I can relate to that TIRED feeling, especially at church. How often have I wondered why do we bother only to spend the entire time chasing our boys down the hallways. It has gotten better, sort of. Some weeks are better than others. And to be honest, I still wonder that sometimes, but I know how important it is that we keep trying.

    This is actually just what I needed to read tonight, as we’ve missed church for a couple of weeks due to sickness making the rounds, and I’ve been dreading the “transition” of going back tomorrow and trying to get the boys back into the routine. I love your idea of setting up a group to promote inclusion, and look forward to your next post!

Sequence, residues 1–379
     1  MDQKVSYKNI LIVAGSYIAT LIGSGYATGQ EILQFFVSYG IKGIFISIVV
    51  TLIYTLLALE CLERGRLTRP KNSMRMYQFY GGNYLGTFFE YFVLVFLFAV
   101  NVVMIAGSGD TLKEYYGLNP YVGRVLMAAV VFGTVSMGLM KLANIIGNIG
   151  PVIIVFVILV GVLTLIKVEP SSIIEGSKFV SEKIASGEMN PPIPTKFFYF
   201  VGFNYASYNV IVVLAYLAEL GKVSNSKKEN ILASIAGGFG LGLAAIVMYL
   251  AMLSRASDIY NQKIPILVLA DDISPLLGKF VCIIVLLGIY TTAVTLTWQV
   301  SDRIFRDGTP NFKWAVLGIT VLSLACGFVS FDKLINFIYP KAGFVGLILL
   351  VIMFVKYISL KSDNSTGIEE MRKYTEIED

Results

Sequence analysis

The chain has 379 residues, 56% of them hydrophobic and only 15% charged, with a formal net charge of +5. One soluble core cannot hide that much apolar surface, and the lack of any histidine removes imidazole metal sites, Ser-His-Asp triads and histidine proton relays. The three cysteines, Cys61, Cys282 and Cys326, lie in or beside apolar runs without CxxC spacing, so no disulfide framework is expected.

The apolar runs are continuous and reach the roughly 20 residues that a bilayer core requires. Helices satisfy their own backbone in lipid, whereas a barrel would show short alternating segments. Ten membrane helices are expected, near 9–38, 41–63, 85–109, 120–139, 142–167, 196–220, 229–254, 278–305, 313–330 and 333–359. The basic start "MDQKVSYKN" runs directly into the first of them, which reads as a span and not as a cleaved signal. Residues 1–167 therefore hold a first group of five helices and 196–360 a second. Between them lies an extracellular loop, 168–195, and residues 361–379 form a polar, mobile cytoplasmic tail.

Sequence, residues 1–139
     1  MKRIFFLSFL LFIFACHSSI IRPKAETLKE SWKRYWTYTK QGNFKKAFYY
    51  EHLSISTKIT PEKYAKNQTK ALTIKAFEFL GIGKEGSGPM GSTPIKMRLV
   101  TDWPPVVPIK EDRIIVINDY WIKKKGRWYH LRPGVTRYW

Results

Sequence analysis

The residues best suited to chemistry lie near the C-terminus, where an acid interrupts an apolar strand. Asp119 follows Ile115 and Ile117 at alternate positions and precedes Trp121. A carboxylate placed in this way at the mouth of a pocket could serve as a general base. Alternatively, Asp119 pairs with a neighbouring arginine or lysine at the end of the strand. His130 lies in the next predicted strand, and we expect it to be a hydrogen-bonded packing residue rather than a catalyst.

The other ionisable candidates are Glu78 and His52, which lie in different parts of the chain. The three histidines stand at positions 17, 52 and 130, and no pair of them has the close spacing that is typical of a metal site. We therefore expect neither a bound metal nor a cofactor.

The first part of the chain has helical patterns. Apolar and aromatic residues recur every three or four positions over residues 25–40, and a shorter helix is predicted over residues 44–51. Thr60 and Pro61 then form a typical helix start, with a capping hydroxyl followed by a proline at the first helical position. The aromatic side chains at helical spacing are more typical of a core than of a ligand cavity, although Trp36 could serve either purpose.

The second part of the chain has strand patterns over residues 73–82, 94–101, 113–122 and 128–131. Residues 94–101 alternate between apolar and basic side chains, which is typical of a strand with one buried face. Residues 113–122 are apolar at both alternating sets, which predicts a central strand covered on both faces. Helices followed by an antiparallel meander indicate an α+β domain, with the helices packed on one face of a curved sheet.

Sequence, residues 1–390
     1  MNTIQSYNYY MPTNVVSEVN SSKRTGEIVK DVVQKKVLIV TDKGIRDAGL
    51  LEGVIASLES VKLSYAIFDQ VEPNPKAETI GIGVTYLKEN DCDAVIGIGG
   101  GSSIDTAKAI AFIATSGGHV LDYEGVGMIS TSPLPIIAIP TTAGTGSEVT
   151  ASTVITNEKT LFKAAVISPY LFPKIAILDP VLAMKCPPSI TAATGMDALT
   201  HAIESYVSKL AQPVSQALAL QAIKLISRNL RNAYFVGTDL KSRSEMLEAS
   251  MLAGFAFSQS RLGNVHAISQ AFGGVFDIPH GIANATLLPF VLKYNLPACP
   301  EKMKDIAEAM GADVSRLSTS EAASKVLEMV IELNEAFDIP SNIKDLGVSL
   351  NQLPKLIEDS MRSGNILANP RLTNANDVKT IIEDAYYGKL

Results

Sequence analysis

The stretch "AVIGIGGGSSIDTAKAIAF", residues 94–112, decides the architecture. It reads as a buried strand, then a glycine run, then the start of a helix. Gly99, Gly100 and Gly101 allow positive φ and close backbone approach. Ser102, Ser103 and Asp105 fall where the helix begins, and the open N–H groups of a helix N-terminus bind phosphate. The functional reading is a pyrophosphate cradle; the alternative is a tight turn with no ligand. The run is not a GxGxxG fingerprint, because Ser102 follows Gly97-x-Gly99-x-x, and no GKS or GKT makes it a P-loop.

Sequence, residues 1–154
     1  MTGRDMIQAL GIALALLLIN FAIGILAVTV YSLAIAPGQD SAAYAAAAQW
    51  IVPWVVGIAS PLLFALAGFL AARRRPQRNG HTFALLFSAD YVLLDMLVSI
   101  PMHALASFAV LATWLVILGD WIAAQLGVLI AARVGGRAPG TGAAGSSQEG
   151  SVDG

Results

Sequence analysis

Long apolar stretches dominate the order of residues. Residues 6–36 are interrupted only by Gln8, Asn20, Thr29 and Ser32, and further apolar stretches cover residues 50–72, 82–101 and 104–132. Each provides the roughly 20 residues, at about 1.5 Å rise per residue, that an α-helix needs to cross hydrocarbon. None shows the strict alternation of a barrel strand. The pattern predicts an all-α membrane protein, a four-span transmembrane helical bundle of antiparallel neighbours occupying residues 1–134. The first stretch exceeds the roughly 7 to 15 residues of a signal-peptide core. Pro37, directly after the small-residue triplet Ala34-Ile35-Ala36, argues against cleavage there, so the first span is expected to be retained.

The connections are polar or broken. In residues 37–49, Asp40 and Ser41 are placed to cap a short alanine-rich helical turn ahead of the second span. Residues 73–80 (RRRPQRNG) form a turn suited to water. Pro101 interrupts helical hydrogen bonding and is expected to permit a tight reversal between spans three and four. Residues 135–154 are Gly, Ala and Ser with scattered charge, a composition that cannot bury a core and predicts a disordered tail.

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  17. Unlike most here, I am not a mom of a child with autism. I am a college student, studying Occupational Therapy, with a goal of helping autistic children live the very best life that they can possibly live. I just want to help them show the world what they are capable of, and make sure they exceed everyone’s expectations. I stumbled upon your blog a few days ago while I was on the Autism Speaks Facebook page. Of all the stories I have read about your family so far, this one actually gave me goosebumps at several points, and in the end, I had tears in my eyes. Church is a big part of my life, and a big part of our church is the welcoming atmosphere that we work hard to maintain. It is our community goal to make sure that every family, no matter what their circumstances or situation (especially their children’s behavior) knows that they are welcome here and that they will be supported, not judged. For example, in our sanctuary, we encourage the church elders and other older members of the church (who might not be as flexible and understanding as some of the younger attendees) to sit in the first few pews. The last three pews are strictly reserved for families with children, because it leaves them closest to the doors, should their child need a quick walk outside or just a break from a long sermon.